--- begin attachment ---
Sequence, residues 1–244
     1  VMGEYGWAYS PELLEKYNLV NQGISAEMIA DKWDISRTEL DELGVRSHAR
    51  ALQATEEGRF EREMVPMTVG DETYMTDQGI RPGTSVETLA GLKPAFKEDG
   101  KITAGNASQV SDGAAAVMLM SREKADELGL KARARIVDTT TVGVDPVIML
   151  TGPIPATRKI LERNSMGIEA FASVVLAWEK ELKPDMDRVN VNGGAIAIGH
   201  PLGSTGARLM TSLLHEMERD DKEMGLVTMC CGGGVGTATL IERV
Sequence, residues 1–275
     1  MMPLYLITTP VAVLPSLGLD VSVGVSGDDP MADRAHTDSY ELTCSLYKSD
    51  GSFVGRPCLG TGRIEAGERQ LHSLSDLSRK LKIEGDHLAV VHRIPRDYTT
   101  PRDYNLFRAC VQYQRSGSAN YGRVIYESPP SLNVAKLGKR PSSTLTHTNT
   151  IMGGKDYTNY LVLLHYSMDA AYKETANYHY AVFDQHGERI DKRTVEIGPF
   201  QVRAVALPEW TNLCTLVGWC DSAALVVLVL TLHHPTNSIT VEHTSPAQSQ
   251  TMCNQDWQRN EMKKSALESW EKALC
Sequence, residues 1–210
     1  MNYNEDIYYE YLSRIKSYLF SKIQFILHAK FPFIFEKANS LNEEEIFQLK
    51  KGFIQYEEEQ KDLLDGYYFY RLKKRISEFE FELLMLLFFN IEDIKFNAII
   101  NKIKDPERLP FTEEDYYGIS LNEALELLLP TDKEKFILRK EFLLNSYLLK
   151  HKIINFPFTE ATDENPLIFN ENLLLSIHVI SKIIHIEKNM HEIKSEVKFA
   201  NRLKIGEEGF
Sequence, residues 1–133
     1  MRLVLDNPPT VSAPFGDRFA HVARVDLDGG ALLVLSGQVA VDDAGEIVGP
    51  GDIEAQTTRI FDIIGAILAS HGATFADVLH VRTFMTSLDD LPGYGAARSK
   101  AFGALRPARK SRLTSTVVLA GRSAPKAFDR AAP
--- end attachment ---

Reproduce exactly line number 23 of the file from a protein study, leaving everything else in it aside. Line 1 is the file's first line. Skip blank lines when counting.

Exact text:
   101  AFGALRPARK SRLTSTVVLA GRSAPKAFDR AAP